Lebanon in History from the Earliest Times to the Present

By Philip K. Hitti | Go to book overview

CHAPTER XXI LATIN-LEBANESE INTERRELATIONSHIP

RICH in drama and spectacular events, the Crusades were nevertheless poor in cultural achievement and results. Not only did they fall in achieving their purpose, but they failed in producing much that was of permanent good. On the whole, it may be said that their effects on the West were more wholesome, opening up new vistas and widening old horizons, especially with respect to trade and industry. For the East they left in their wake ruins all along the seaboard and a legacy of ill will and hatred between Moslems and Christians.

In the art of warfare the Franks adopted new weapons or developed new techniques. They learned the use of the crossbow and of various "fires" as missiles, the method of constructing a portcullis,1 the employment of tabor (Ar. ṭunbūr) and naker (naqqārah) in military bands, and the utilization of carrier pigeons for conveying military intelligence and of bonfires for signalling a night. They acquired new techniques in the art of the sapper and the miner, and in the employment of siege instruments like the mangonel. Contact with enemy knights encouraged the spread of armorial bearings and heraldic devices and the wearing of heavier, more expensive armour.2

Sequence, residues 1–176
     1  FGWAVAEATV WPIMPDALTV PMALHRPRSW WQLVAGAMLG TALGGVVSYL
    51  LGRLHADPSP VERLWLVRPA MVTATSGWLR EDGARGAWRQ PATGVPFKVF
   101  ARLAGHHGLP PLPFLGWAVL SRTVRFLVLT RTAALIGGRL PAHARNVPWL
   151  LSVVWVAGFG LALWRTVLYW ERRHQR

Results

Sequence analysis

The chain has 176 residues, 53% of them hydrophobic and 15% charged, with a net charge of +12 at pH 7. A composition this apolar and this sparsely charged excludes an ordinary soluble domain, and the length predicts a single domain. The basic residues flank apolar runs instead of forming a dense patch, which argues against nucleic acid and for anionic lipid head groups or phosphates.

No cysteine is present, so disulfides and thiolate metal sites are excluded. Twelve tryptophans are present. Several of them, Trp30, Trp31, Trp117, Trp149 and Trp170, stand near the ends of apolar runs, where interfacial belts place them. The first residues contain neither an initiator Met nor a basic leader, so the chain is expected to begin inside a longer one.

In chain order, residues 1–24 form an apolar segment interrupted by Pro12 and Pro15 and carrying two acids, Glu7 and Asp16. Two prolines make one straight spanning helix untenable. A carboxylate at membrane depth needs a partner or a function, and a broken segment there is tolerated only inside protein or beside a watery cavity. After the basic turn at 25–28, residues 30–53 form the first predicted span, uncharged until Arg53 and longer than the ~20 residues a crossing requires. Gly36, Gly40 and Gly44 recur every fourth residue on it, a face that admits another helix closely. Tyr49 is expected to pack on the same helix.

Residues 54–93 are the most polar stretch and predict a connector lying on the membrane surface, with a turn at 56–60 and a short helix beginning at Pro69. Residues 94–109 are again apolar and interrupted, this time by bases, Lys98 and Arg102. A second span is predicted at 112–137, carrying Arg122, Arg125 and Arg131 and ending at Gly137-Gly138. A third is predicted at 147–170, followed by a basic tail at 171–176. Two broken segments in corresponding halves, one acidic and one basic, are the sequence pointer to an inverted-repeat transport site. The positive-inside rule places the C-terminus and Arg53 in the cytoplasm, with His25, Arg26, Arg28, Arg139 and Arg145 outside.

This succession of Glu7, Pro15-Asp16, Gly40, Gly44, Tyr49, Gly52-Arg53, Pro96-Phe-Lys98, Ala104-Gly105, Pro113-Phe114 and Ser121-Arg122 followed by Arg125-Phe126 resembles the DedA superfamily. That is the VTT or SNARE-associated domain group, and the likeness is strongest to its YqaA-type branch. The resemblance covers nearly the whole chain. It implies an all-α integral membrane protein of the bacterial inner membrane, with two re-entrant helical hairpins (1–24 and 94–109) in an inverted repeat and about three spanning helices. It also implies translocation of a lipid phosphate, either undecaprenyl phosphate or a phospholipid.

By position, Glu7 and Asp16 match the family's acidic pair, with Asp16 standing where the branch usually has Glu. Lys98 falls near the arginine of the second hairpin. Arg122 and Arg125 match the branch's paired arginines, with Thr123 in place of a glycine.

What the Franks learned

It should, however, be remembered that the times of peace between Franks and natives were of much longer duration than times of war, hot or cold. The truce and peace periods provided some opportunity for social and economic contacts. Thus the Crusading movement accelerated means of communication and popularized in Europe certain agricultural and industrial products of Eastern nativity. It gave great impetus to the trading enterprise and to pilgrimage, both already long established. While there, the Franks had to learn new ways of living and

____________________
1
Saracinesca in Italian. This device was known to the Romans before the Arabs.
2
Dana C. Munro, The Kingdom of the Crusades ( New York, 1935), p. 184.

-310-

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